Port Allen — A jury heard sharply conflicting portraits of Monique O. Kitts on Wednesday as attorneys presented closing arguments at her murder-for-hire trial.
A prosecutor portrayed Kitts as a liar, schemer and a woman hell-bent on “getting rich quick,” while her defense lawyer described her as a loving wife, mother and former businesswoman who lost everything when she was wrongly accused of being involved in the killing of her husband, Corey Kitts.
Kitts is accused of conspiring with Karl Michael Howard, the alleged trigger man, to murder her husband.
Corey Kitts, 40, was shot three times on the morning of July 9, 2010, while sleeping in the couple’s bedroom in the Addis home he shared with his wife and two children.
Kitts, 45, of Livingston, and Howard, 30, of Roswell, Georgia, are standing trial on charges of second-degree murder and conspiracy to commit second-degree murder in the slaying.
For the past four weeks, prosecutors have accused Monique Kitts of hiring Howard, a Verizon employee living in Atlanta at the time, to kill her husband so she could collect more than $800,000 from his employment benefits and life insurance.
In his closing statements, Assistant District Attorney Tony Clayton accused both individuals of having “ice-cold water running in through their veins” for hatching a plot that involved taking Corey Kitts’ life.
“If everyone in this courtroom with a good heart was to drop dead, only two people would be left standing: Monique Kitts and Karl Michael Howard,” Clayton said.
Clayton implored the jury not to believe the defense attorneys’ attempts to discredit the prosecution’s case against the two, calling it “hocus pocus” designed to confuse the jury.
He chided the defense attorneys for placing the couple’s 15-year-old son, Corey Kitts Jr., on the stand Tuesday to declare his mother’s innocence.
“The most shameful part of the case was when they put that child on the stand,” he told the jury. “That was designed to play on your sympathy.”
Clayton’s closing arguments became too much for Corey Kitts’ family to bear when he showed jurors a photo of the man’s dead body on the autopsy table as he described the gruesome details surrounding his death.
Corey Kitts’ mother folded over in tears and had to be escorted from the courtroom. As she was ushered out she kept sobbing, “They did you bad, Corey! They did you bad!”
Defense attorney Allen Myles called the family’s emotional outburst a ploy by prosecutors to turn the jury against his client.
“They ruined this woman’s career — destroyed this family!” Myles said of the prosecuting attorneys. “The truth of the matter is we don’t know who killed Corey Kitts!”
Myles spent more than three hours Wednesday dissecting the prosecution’s case as he sought to convince jurors that prosecutors hadn’t provided any sufficient evidence proving Monique Kitts wanted her husband dead.
Myles spent much of his closing argument attacking the credibility and motives of two of the prosecution’s star witnesses, David Ray Johnson and Corey Knox. The defense lawyer called them liars, desperate to say anything to secure plea deals.
Johnson admitted on the first day of the trial that he had an affair with Monique Kitts.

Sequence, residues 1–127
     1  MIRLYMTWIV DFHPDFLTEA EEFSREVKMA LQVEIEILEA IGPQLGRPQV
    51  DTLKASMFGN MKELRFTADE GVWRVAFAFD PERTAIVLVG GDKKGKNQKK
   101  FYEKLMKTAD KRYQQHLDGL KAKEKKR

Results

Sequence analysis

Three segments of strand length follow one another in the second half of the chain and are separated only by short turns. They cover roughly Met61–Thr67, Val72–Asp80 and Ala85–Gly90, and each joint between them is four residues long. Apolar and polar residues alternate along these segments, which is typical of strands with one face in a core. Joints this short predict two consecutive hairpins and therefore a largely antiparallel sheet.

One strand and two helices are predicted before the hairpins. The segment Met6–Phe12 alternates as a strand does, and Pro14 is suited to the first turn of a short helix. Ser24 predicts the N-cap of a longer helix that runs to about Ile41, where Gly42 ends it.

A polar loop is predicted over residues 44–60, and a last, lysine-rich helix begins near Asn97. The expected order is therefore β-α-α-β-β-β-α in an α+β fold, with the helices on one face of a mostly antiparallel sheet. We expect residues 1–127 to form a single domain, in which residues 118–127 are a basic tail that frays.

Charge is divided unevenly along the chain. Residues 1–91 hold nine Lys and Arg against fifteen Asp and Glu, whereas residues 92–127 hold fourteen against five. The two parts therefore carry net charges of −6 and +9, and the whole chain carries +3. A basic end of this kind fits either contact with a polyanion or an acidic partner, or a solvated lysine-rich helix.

Johnson also testified Howard told him Monique Kitts gave him a key to her house in Addis. Johnson said Howard told him that was where he found Corey Kitts asleep in his bed and shot him.
Johnson also claimed Howard had said that he expected $100,000 for the murder. But when Monique Kitts didn’t have the money, Johnson said, Howard began threatening her life.
Knox, indicted in the murder, turned on his alleged coconspirators right before the trial began, testifying that Howard originally asked him to kill Corey Kitts. Knox testified that after he refused, Howard coerced him into serving as the getaway driver on the morning of the murder.
Knox also testified he and Howard cased the Kittses’ home in Addis’ River Landing subdivision on at least two occasions in April 2010.
Myles told jurors Wednesday that Knox was lying so he could get out of jail, where he has been since his arrest in 2013.
“This man has been trying to make bond for two years,” Myles told the jury. “You think he won’t take that deal?”
Myles told jurors Johnson was a con man and habitual womanizer who had no credibility.
Public defender Tommy Thompson, Howard’s attorney, also attacked Johnson’s character in his closing arguments.
“He sat down for hours working out a deal with the prosecution,” Thompson said in court. “He made everything he said up to cover his own ass!”
In his closing argument, Thompson suggested the real killer might have been one of the six women Corey Kitts was allegedly having an affair with before his murder.
Myles also said evidence presented during the trial proves investigating officers had contaminated the crime scene and threatened to frame Howard if he didn’t confess to killing Corey Kitts.
“They messed up and now they want you to come clean it up,” Myles told jurors. “You cannot let this case go based on lies. When they don’t call their chief investigating officer on the stand that’s a reason to vote ‘not guilty.’ What are they trying to hide?”
District Court Judge J. Robin Free is expected to turn the case over to the jury Thursday morning.